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Flu-like illnesses now higher than at peak of seasonal flu season

Federal officials report 8,200 hospitalizations for infections from the H1N1 virus, and 411 deaths. But they backed away from earlier reports of 1 in 5 kids being infected.

October 24, 2009|Thomas H. Maugh II

Influenza-like illnesses are now higher throughout the country than levels generally seen at the peak of the seasonal flu season, federal health officials said Friday. But they dismissed media reports from a day earlier that 1 in 5 children had contracted swine flu during the first weeks of October.

Pandemic H1N1 influenza activity continues to spread throughout the country, with 46 states reporting widespread activity, the Centers for Disease Control and Prevention reported.

Since Aug. 30, there have been 8,200 hospitalizations from laboratory-confirmed infections caused by the swine flu virus and 411 deaths in the United States. That brings the totals since the outbreak of the pandemic in April to more than 20,000 hospitalizations and more than 1,000 deaths.

There were 11 new pediatric deaths in the week ending Oct. 17, bringing the total since April to 102. In a typical flu season, there are 40 to 50 deaths among children.

Dr. Thomas R. Frieden, the CDC director, said that media reports on Thursday that one-fifth of the nation's children had contracted swine flu early in the month were a misinterpretation of the data and that the numbers were undoubtedly much lower.

That data was from a CDC-conducted telephone survey of 14,000 randomly selected households. Residents were asked whether they had influenza-like symptoms from Oct. 1 to Oct. 11. The researchers found that 1 in 5 children and 7% of adults had such symptoms, but no effort was made to confirm the nature of the illnesses.

Frieden said that although infection rates of 1 in 5 children have been observed in some communities during the peaks of infection, it is likely that the majority of children in the survey simply suffered from colds and sniffles.

"The data simply show that kids get a lot of infections," he said.

As for the swine flu vaccine, which has been slower in arriving than federal authorities had expected, Frieden said that 16.1 million doses are now available and that at least 11.3 million of them had been shipped as of Wednesday, an increase of 5.4 million doses from the previous week. He said a lot more doses would be available soon, but he refused to predict how many and when. "We've had difficulties with projections so far," he said.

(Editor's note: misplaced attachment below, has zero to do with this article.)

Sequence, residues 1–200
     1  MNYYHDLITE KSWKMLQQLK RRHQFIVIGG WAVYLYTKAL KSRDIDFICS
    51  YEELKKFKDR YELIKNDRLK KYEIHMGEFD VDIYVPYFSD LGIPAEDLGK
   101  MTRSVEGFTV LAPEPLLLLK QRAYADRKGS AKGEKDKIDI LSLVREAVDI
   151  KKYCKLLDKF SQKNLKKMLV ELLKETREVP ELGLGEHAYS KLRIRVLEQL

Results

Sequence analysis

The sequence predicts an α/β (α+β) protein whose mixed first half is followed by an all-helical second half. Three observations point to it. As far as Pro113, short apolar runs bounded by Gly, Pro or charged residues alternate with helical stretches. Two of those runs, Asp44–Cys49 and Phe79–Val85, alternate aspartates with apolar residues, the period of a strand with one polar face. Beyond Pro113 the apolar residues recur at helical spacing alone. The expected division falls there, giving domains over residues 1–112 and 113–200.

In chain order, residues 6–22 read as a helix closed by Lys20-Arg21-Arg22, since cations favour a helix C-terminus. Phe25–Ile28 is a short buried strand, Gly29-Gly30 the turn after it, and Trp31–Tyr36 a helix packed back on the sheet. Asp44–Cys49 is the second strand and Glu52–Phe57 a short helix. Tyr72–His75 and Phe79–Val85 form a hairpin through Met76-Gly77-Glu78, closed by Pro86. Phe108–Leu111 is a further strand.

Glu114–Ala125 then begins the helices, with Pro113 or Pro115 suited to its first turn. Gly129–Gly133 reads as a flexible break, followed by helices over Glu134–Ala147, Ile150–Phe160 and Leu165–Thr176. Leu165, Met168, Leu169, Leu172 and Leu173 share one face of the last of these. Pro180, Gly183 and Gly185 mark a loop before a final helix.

"Vaccine production is much less predictable than we would wish," he added. "We are nowhere near where we thought we would be by now, or where the manufacturers had predicted we would be. Vaccination is our strongest tool, and not having enough of it is enormously frustrating."

Nicole Lurie, Health and Human Services assistant secretary for preparedness and response, did make a prediction, saying Friday that the U.S. should expect to have 42 million doses by mid-November, about 8 million fewer than earlier estimates.

One of the five vaccine manufacturers, Sanofi Pasteur, said Friday that its vaccine production was back on track and that it expected to ship ingredients for 75.3 million doses of swine flu vaccine to the CDC by December. The company said it had shipped 12 million of the 16.1 million doses the government had already received.

Frieden said that the severity of the swine flu virus remained about the same as it was in the spring, and that it is generally comparable to that of the seasonal flu.

But the ethnic composition of victims is changing somewhat, Lyn Finelli, head of flu surveillance at the CDC, said at a meeting Thursday. During the spring, Latinos had a disproportionately high number of infections, presumably because of contact with people returning from Mexico, where the virus is thought to have originated.

This fall, the proportion of Latinos affected has declined, and the number of African Americans infected has grown for reasons that are not clear.

There has been some concern that swine flu is especially severe among Native Americans, but so far the CDC has received reports of only two deaths among that group, Finelli said.

Some researchers fear that states are not fully reporting such deaths, however.

The World Health Organization also reported Friday that there have been 4,999 swine flu deaths through Oct. 18, up 264 from the week before. Because most countries have stopped counting individual flu cases, however, that number is likely to be an underestimate, the agency said.


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